Succession to the throne
The succession to the throne , or devolution in legal terms , describes the assumption of the rights and duties of a ruler , symbolized by the throne , by a successor whose legitimation is based on inheritance , blood or designation by the predecessor or by election .
Frequently, the succession to the throne was determined in the house laws of the dynasty . In most of the well-known advanced civilizations , the line of succession passed through the paternal line , but there are also isolated matrilineal lineages of ruling houses. In patriarchal succession to the throne, the first-born son is always the successor to the first-married woman, unless otherwise regulated. Today, in the West the succession of the first-born child, including the daughters, usual, and in the first place - not as long as the monarch as far back as the Office in its sole discretion passes - always the testamentary wishes of the monarch himself decisively. The succession over the firstborn is called the primogenitur system ( Latin primo genitur , 'firstborn'), whereby all descendants of the firstborn are also in the line of succession before the secondborn of the lineage (the secundogeniture ) - this is how these expressions denote the entire generation line. The title of the prince indicates a high-ranking succession to the throne, when a line expires, the line of succession passes to the secondary generation - or the elders of the same line - and to the husband of the highest-ranking daughter (princess) when an entire house expires .
A person who has a claim to a throne is referred to as a pretender to the throne ; heir to the throne refers to the successor expressly recognized by the monarch (or other political system), i.e. the designated pretender , in the broader sense also to the other aspirants to the throne following legitimation ( succession to the throne in the real sense: official ranking of the pretenders). An illegitimate pretender is called a usurper .
In the past, wars of succession often occurred in the case of unclear succession or other disputes . Examples of this are in particular the civil war that lasted around 20 years in England from 1135 to 1154 after the death of Henry I, whose only legitimate son had previously died and was therefore unable to succeed, the English Wars of the Roses between the Houses of York and Lancaster (1455– 1485), the War of Devolution (1667–1668), in which France took advantage of the forced assignment of the Spanish Netherlands to the Habsburgs in Spain, the War of the Spanish Succession (1701–1714) around the legacy of the Austrian House of Habsburgs - secured by numerous incestuous connections the Spanish line, which Ludwig XIV did not recognize, the War of the Austrian Succession (1741–1748), which was triggered by the precedence of the first-born child under the Habsburg house law (the Prussian King Friedrich II recognized the succession Maria Theresias not to). In the Ottoman Empire, on the other hand, the intention was to leave the succession to the throne under the pretenders unclear and to regulate the succession to the throne in an internal power struggle: The pretender, who - as the only one - survived, was the new monarch, which should keep the bloodline strong. There was also no precedence here according to the status of the mother.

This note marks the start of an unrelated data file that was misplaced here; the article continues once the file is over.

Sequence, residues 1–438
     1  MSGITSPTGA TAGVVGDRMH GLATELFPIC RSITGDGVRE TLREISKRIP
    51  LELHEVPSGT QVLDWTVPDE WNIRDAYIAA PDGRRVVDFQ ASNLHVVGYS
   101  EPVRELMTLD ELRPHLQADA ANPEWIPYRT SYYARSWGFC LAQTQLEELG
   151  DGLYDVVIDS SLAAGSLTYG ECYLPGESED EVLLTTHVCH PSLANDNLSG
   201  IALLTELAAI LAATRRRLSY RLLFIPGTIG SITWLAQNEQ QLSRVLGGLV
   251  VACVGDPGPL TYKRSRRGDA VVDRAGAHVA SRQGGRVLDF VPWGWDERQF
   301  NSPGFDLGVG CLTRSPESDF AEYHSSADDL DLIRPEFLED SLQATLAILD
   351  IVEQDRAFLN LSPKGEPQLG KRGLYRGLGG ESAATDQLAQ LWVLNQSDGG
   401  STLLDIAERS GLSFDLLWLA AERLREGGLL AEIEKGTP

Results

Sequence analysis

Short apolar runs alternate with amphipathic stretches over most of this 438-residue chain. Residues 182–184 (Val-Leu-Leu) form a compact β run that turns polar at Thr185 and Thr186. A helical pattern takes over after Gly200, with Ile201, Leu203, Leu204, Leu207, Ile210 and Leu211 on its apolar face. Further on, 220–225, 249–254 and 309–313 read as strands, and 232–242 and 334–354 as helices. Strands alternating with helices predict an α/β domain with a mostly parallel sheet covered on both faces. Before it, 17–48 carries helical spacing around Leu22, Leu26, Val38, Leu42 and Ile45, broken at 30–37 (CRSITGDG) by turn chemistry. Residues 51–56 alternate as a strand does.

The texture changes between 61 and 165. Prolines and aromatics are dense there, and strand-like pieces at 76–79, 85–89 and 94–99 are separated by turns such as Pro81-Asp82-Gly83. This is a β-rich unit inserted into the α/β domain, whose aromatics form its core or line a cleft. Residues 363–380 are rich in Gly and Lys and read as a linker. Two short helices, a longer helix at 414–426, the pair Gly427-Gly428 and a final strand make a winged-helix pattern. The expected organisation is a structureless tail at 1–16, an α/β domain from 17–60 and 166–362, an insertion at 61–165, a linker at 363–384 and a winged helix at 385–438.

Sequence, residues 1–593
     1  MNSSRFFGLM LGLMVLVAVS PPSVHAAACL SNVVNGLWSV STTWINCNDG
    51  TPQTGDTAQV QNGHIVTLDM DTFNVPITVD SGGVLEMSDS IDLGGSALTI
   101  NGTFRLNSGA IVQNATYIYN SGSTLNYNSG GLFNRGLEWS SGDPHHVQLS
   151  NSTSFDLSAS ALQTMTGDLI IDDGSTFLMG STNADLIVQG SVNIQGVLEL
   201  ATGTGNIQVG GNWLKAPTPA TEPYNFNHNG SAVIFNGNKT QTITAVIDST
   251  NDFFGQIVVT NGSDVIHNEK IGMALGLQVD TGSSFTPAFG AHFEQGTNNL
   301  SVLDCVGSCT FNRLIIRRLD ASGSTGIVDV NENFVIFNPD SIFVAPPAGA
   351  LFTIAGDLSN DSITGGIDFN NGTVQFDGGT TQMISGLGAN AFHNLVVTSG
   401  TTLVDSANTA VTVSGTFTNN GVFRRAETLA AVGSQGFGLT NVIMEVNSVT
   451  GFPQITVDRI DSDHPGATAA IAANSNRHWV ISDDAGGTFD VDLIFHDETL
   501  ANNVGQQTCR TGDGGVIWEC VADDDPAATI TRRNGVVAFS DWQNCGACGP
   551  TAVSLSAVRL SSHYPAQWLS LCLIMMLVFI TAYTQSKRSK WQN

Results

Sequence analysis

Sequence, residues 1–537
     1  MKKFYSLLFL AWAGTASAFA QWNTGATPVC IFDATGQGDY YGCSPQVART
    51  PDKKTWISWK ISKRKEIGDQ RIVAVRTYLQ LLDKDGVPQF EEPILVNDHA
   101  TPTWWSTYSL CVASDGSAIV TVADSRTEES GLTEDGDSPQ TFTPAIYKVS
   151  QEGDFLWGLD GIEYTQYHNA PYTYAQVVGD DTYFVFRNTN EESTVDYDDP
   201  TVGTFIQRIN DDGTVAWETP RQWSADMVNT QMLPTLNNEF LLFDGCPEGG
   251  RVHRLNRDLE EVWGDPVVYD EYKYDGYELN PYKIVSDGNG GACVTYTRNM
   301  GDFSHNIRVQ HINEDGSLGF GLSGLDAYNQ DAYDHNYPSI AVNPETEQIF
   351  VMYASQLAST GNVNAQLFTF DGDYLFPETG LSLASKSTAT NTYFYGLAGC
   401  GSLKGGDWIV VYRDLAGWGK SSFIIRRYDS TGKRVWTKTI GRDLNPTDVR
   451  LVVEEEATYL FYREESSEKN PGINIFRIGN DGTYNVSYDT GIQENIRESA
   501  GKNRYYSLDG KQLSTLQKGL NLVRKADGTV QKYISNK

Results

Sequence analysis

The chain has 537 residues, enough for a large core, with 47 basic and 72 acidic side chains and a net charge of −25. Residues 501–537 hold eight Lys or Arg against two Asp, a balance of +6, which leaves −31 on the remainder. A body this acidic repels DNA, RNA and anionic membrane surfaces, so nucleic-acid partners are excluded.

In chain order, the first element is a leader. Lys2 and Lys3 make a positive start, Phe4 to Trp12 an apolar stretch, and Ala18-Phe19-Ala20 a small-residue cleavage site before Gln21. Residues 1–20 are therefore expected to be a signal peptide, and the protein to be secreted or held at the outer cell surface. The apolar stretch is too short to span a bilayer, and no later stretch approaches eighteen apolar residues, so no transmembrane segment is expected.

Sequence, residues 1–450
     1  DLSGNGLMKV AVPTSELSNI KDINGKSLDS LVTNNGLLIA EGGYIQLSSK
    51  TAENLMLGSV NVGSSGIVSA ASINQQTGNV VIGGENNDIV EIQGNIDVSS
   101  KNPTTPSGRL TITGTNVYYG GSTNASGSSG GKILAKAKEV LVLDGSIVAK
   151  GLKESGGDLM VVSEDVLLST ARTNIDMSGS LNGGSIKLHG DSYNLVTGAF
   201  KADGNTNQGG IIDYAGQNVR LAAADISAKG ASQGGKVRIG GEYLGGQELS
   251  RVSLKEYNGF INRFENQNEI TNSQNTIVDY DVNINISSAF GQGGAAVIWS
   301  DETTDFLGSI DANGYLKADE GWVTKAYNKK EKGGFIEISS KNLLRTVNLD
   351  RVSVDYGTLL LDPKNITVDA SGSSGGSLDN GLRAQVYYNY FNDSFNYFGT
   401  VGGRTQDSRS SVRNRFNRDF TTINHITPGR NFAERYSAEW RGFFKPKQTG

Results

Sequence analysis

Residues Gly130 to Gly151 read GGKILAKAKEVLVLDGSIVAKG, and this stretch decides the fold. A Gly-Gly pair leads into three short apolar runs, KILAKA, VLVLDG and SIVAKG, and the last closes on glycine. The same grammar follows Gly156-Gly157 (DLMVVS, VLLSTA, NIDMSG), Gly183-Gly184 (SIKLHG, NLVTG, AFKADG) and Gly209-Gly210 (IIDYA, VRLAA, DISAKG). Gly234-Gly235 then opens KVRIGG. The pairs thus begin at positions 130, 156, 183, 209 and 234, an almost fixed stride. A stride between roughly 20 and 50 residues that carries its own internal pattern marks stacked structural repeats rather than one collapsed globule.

The genealogical concept of devolution is somewhat broader than the succession at the throne in the actual sense, and also includes the transfer of titles, such as nobility and titular offices without regency , in general: This is how the office of the German King in the Holy Roman Empire went in In the Middle Ages still an electoral office, in modern times hereditary to the son, and stood for the role of designated heir to the throne as Roman Emperor , an office that was always mediated by the elections by the electors. Titles of de facto extinct titles or titles that were lost in larger states without an enthronement ceremony were passed on, so that numerous titles accumulated among the rulers of modern times in Europe, which in personal union with the succession of the highest office passed to the heir to the throne. The highest hereditary reign of the Habsburgs (at the time when they usually also assumed the Roman-German imperial office) was always King of Bohemia, the Holy Hungarian royal dignity had to be confirmed by a coronation ceremony by the Imperial Council, Archduke of Austria - as Titular claim of the Habsburg ancestral lands - was in modern times a title of all princes and princesses without enthronement, which was awarded at birth to secure the succession to the throne. The King of England also inherited the offices of head of state of the Commonwealth Realm without a formal throne.
Regulations for succession to the throne in individual monarchies
- Succession to the throne (Belgium)
- Succession to the throne (Brunei)
- Succession to the throne (Denmark)
- Succession to the throne (Habsburg Monarchy)
- Succession to the throne (Liechtenstein)
- Succession to the throne (Luxembourg)
- Succession to the throne (Netherlands)
- Succession to the throne (Norway)
- Succession to the throne (Saudi Arabia)
- Succession to the throne (Sweden)
- Succession to the throne (Spain)
- Succession to the throne (Swaziland)
- Succession to the throne (Tonga)
- Succession to the throne (United Kingdom)
- Schmidt, Ulrich: Election of a king and succession to the throne in the 12th century (= research on the history of the emperors and the popes in the Middle Ages. Supplements to JF Böhmer, Regesta Imperii 7), Cologne, Vienna 1987.
- Eduard Hlawitschka : Election and succession to the throne in the Frankish-Carolingian period , Darmstadt 1975.
- Mitteis, Heinrich: The German election for a king. Their legal basis up to the Golden Bull , 2nd expanded edition, Brünn a. a. 1944.